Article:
Is The National Football League The Argument Against Socialism? [VIDEO]

NFL socialism

By Leo White
Leo can be reached for questions or comments at


32 teams, 16 regular season games, 8 divisions, 4 time zones, 2 conferences, 1 Champion.  On its face, The National Football League (NFL) is a bastion of capitalism – teams with the best players and coaches win, and the losers lick their wounds for another year.  Except, that’s just on its face.  If you look deeper, you will find a methodology of wealth redistribution, secret courts, poorly managed healthcare, and suppression of speech.  That my friends, is the wages of socialism.  The Uni-party enacting its will from sea to shining sea, the party elites getting rich off of the backs of the workers, impotent collective bargaining, and pyrrhic victories for the people on the ground while their pocketbooks are drained dry.  The dream of the front office is a nation of equally bumbling 8-8 teams.  This is rumored to be why Jeff “8-8” Fisher has been able to keep a job for so long.  Roger Goodell probably has a picture of him on his desk for all I know.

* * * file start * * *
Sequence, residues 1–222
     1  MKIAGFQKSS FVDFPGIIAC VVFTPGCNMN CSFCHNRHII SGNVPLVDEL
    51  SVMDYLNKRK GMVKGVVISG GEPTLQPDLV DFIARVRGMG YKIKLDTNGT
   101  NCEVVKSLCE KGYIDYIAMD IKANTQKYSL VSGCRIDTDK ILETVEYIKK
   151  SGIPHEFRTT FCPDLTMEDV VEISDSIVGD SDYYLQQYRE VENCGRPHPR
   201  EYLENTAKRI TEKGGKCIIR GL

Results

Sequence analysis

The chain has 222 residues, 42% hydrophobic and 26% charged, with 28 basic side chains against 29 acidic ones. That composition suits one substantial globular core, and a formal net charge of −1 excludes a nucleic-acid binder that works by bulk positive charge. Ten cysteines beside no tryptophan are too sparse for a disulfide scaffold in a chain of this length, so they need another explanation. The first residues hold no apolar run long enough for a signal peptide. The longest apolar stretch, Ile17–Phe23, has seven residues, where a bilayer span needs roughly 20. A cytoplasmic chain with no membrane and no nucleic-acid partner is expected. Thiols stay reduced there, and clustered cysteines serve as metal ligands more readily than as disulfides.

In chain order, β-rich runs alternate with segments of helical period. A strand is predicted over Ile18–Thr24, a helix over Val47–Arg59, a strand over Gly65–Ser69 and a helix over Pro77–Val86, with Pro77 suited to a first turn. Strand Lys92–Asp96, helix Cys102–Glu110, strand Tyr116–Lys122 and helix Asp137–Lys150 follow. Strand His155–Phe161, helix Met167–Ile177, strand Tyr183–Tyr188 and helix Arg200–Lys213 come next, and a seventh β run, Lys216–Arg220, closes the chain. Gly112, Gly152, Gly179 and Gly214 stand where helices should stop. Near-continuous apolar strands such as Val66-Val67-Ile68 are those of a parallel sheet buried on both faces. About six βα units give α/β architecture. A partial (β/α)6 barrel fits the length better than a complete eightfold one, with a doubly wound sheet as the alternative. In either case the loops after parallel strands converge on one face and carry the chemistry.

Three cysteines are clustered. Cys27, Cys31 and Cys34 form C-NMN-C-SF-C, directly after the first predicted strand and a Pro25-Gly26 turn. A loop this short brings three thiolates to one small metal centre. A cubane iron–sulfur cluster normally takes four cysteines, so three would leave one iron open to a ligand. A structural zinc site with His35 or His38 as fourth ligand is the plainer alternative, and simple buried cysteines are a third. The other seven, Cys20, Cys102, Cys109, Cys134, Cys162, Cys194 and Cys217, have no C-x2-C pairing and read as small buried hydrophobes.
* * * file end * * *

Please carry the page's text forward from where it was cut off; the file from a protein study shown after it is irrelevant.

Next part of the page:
The Draft:

The worst managed teams are rewarded with redistributed wealth from their unpaid developmental league.  It’s a classic moral hazard; they can fail and get a great player.  Why not tank your season if it means you’ll be rewarded?  The fans are locked into their season tickets anyway, money is already in hand.  If things don’t turn out the way you want next year, do it all again until failure has given you a team of #1 draft picks.  Great teams are given last pick, because they have so much already – why let the rich get richer?